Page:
Remove baking sheets from the freezer, and brush pies with egg, then sprinkle with sanding sugar. (Regular or demerara sugar will work just fine.) Use a paring knife to make three diagonal vents in the top of each pie. Transfer to the oven and bake 25-30 minutes, until golden brown. Cool 10 minutes; serve warm or at room temperature. Hand pies can be frozen in an airtight container between layers of wax paper for up to 1 month.
If you read Bittersweet then you'll already know about these ruffled chalkboards. I started by making one with a burlap ruffle and then began making some from calico's and eyelet trims. I used a staple gun to attach the calico onto the wrong side of the ruffle and then folded it down and pressed it. Then I hot glued the trim on top. You could add dried flowers, lavender, (like the one at Bittersweet) or buttons, just about anything really. Embellish until your hearts content.
Not much time to post lately. Fall manufacturing has kicked in!
The studio is once again in order. Stuff stored away but marked so I'll know what's inside and favorite ribbons in easy access ribbon boxes. Yippee! My new favorite summer word in case you hadn't visited Bittersweet blog.
A complete storage closet re-do and ditto on the above. I also went through some of the supplies and weeded out the one's that weren't my favorites. A necessary task when you have so many things and a small space.
I took a tip from a reader and stuck posted notes on the button boxes so that I'll know what's inside. I wish that I could remember who the tipster was, sorry about that. Thank you for the great tip! It seems to be working out well.
Now the studio is filling up with sea foam hydrangeas. They're all dry now! We have them on every floor!
This is a corner of my studio. The cabinet houses things I've made, button boxes filled with ribbons and buttons, vintage trims, embroidery yarn, paint brushes and well you can see kind of. A mix of this and that.
I'm getting ready to organize the space and make a few adjustments to my storage containers.
This is an image of a closet that I transformed into a storage space. It's beginning to get cluttered and filled with too many things.
Organizing the nook and placing items I don't use everyday away will not only be summer refreshing, but hopefully make my work much easier. Shipping supplies are atop the list to get organized and make a bit more handier to grab.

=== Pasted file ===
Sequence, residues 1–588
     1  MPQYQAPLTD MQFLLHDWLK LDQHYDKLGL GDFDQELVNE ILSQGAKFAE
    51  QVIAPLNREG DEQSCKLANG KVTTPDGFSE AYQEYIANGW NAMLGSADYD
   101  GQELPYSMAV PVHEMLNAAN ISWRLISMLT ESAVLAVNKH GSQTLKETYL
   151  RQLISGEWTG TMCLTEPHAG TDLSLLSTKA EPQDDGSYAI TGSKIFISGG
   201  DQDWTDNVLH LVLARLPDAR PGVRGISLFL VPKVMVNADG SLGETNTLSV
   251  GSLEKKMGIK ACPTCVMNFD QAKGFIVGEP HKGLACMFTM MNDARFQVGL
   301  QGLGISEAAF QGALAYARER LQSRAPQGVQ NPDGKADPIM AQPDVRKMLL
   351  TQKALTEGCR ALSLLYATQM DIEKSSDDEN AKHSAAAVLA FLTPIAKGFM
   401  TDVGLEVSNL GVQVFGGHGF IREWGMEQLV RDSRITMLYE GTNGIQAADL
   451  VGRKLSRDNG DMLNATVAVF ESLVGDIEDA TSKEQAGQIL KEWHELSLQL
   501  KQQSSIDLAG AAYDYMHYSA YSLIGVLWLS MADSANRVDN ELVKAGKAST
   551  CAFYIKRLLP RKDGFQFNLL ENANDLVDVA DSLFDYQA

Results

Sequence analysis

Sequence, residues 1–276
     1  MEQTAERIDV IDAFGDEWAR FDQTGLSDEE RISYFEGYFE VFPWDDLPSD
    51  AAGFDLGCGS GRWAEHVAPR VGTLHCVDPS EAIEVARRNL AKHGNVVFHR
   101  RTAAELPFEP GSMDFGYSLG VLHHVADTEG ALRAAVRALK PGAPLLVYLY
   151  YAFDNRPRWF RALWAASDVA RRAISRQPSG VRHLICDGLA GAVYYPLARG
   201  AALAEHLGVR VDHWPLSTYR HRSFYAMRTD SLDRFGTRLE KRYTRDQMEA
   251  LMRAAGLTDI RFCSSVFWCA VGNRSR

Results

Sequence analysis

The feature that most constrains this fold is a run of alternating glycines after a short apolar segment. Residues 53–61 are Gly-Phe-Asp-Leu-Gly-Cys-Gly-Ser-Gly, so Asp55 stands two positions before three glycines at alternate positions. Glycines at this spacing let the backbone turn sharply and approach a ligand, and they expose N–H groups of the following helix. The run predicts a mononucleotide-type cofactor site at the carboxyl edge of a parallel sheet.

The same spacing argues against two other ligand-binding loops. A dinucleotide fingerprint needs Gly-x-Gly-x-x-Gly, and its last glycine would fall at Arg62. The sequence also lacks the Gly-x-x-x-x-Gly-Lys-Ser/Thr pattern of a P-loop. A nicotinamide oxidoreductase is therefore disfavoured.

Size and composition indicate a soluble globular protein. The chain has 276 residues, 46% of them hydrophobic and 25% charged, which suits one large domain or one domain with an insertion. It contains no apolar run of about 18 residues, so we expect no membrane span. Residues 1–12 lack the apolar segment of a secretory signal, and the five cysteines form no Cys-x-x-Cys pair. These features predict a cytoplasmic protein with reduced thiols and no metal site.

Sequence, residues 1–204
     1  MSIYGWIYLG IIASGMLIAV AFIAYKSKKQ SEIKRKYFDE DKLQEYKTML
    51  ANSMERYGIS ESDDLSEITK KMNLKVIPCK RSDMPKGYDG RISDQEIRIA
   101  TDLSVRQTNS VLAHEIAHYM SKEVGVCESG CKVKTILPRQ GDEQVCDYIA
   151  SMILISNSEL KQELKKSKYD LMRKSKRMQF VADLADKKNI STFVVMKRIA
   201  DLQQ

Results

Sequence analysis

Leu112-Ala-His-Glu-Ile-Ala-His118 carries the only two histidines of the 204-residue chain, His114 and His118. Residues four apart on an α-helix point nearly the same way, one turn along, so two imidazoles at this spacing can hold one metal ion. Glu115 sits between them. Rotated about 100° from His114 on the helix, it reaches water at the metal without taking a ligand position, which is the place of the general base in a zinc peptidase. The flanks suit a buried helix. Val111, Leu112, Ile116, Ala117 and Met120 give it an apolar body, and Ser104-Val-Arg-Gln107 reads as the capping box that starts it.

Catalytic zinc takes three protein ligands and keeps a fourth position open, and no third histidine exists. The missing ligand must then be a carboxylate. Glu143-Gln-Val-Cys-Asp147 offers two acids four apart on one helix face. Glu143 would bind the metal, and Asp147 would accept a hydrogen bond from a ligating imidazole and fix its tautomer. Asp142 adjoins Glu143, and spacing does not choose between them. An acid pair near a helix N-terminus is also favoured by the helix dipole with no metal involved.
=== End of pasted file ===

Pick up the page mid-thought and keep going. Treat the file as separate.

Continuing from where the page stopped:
When I think of shipping three things come to mind instantly. Tissue paper, shipping boxes and tape! All three need to be available for easy access!
Then I ponder order packing gifty thoughts. You know the little extras I throw in when I ship your packages to you. Love doing that by the way!
Need a storage spot for that too!
How do you stay organized? I'd really like to know! We all have different methods and maybe it would be nice to share some of your favorites.
With summer kicking in and flowers in full bloom most everywhere I thought it a perfect time to share some unique summer idees inspired by my great aunt.
My great aunt was an amazing talented woman. Somewhat of a vintage Martha Stewart only smarter and more resourceful. Sorry Martha.
This post will be a tribute to my lovely great aunt and the story behind Enid.
I think you'll enjoy.
This is a picture of aunt Enid. The picture was taken during a baking contest. My aunt often participated in the bake offs and usually won. Again, a vintage take on the modern cooking contest television shows of today. I can still remember happily enjoying her coconut cake with mounds of rich fluffy frosting!
I also remember her beautiful stately home with the huge front porch. Inside the home was filled with handmade quilts and antique gatherings of paper weights, butterfly collections and pill boxes were among the many items my aunt admired.
As a child I was in awe of her many treasures. I remember staring into a large display cabinet filled with pill boxes. I would sit and stare into the cabinet admiring the clever designed vessels for long lengths of time. Only to come back to that same spot and take in more visions of the sugarplums as though I was storing the images in my mind for future reference.
My aunt never married or had children but her life was filled with joyful moments and happy days throughout her life. I remember her being a stern woman and she carried an aura of being a strict disciplinary.
I knew never to act up around my aunt and I don't recall that I did. I respected her in that way. A bit of a challenge I'm sure as I was an ornery child. Even though I felt her to to be a no nonsense gal, I also felt she had a large amount of love for me.